Two decades ago, when e-commerce was a nascent idea, there were very few companies trying to sell products online. Because it took consumers a few years to warm to the idea of online shopping, early e-commerce operations didn’t have the need for the expansive logistics operations that currently power giants like Amazon or Wal-Mart.
However, as e-commerce has caught on and the scale of business has steadily risen, online businesses have had to find more ways to compete in a crowded marketplace. To stand out from the crowd and maintain customer loyalty, most online retailers find themselves continually trying to offer faster, cheaper shipping or easier returns. This often means totally rethinking their fulfillment and logistics processes.
Surprisingly, despite its steady growth over the last 20 years, e-commerce still only accounts for 10% of total retail sales. But even with this relatively small market share, online retail’s rise has elevated the importance of efficient logistics operations and has reshaped the industry in numerous key ways.
Here are several major shifts in the logistics industry that have resulted from the rise of e-commerce:
More complicated transportation needs
For brick-and-mortar retailers, the fulfillment process is generally well-trodden territory; at predictable intervals, packages come directly to stores, either from suppliers or from corporate distribution centers. Since purchases and returns all take place in centralized physical locations, companies with storefronts often have relatively simple logistics needs.
But for online businesses, getting goods to many changing locations safely and on time requires some complex planning. Costly and complicated processes like last-mile delivery and reverse logistics mean that online retailers may be constantly adapting their practices to meet customer needs and stay competitive. These factors have created more highly-specialized functions in the transportation sector, and have highlighted the need for e-commerce companies to partner with experienced logistics partners to help them secure the various services they need.
Speedier shipping times
In the last few years, consumers have been trained to expect their products to arrive quickly and at low or no cost to them. Unchecked, this can take a hefty toll on retailers’ profitability—a sacrifice Amazon has signaled it is prepared to make to continue its meteoric rise. For less-established e-commerce businesses without the resources Amazon has at its disposal, meeting customers’ expectations for fast (and cheap) shipping requires strategic decision-making.
Another popular method for providing faster shipping times is to move inventory closer to the end customer by using a more diffuse network of warehouses near major population centers. This allows faster deployment and shortens the shipping distance to help retailers meet consumer expectations for quick turnaround times. While this solves one common challenge faced by growing e-commerce businesses, it introduces another: stiff competition for warehouse space.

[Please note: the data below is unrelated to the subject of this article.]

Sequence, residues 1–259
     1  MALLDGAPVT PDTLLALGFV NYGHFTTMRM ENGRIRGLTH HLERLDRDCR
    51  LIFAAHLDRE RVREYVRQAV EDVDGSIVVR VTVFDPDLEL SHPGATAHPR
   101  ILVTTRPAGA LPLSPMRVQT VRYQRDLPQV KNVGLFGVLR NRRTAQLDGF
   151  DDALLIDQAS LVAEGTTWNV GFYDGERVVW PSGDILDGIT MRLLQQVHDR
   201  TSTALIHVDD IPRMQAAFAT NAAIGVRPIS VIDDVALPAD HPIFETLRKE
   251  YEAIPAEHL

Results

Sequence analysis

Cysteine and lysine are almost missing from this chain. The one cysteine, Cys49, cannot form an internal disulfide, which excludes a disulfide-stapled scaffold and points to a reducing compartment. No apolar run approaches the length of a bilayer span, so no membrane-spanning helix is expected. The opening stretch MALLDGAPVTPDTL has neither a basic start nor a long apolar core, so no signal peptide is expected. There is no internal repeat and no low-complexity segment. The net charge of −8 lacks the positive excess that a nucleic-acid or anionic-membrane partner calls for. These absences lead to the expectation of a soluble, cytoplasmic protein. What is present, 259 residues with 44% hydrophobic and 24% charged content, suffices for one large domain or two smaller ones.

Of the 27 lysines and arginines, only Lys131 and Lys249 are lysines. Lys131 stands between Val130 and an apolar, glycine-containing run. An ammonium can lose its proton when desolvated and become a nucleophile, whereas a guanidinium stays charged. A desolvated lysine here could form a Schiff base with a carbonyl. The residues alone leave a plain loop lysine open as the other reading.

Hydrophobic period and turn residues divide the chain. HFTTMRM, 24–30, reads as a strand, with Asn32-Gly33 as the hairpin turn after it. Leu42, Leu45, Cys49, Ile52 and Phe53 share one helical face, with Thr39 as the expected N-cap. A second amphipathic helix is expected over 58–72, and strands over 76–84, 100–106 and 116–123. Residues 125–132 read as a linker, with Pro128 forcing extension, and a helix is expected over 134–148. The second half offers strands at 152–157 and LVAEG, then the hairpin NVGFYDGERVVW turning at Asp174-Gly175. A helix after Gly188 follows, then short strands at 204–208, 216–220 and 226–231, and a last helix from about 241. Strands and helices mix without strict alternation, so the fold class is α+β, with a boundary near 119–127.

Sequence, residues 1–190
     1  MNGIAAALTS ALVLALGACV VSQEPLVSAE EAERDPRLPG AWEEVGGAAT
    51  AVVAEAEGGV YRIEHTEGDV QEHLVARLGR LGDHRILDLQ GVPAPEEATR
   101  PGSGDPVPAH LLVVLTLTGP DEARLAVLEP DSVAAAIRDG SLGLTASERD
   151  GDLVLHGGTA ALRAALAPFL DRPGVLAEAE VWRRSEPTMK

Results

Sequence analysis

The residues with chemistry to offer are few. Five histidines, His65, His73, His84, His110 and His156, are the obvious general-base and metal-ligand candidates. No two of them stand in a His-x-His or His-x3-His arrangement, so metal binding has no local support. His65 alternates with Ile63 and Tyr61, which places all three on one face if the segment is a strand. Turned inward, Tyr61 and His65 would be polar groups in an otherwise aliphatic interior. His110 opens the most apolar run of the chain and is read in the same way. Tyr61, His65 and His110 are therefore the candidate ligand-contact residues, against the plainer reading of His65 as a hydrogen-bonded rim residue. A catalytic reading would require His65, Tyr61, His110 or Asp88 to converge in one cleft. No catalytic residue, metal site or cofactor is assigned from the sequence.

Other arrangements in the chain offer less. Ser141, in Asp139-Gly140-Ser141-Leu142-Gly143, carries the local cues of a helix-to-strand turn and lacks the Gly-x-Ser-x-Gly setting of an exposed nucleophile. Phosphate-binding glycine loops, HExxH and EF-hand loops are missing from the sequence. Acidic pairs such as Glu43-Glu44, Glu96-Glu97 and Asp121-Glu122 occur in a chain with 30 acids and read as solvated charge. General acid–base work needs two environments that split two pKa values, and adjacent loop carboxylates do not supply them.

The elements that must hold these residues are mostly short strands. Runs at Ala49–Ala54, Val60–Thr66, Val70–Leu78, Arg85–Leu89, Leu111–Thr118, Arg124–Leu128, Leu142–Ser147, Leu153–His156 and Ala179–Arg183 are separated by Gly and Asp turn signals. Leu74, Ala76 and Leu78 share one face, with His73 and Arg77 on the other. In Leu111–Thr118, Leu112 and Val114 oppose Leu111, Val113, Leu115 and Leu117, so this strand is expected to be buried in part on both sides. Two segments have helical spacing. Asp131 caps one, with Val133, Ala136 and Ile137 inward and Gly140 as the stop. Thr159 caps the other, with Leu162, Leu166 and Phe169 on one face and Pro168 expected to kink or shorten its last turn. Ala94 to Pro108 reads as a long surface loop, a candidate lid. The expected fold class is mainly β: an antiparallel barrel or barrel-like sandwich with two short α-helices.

A more competitive market for warehouse space
The warehouse market isn’t just getting tighter because there are more players expanding their distribution networks and competing for space; each of those e-commerce companies needs more space in order to run efficient fulfillment operations. To get items out to customers quickly, retailers have to stock more items and keep a wider variety of inventory on hand. Additionally, these companies have to account for the space needed for picking, packing, and shipping operations, as well as space to process returned items.
As e-commerce operations scale up and more retailers employ this strategy, competition for warehouse space near major cities (where real estate is more expensive) will get tighter and tighter. But in the race to meet customer expectations for fast delivery, creating a broader network of fulfillment centers may be a more sustainable strategy for retailers than paying for expedited shipping for each transaction.
Be prepared for what’s coming next
For companies in the rapidly-growing e-commerce sector, it can be tough to keep up with the constant changes and the increasing expectations involved in logistics planning. As consumers become more accustomed to fast, free shipping and easy returns, the challenges for smaller online retailers become more evident.
In order to provide a positive customer experience and build loyalty, e-commerce operations will have to commit to continual improvement and investment in their logistics processes. But managing all these factors in-house can be an uphill battle for new companies with limited experience and expertise in this area.
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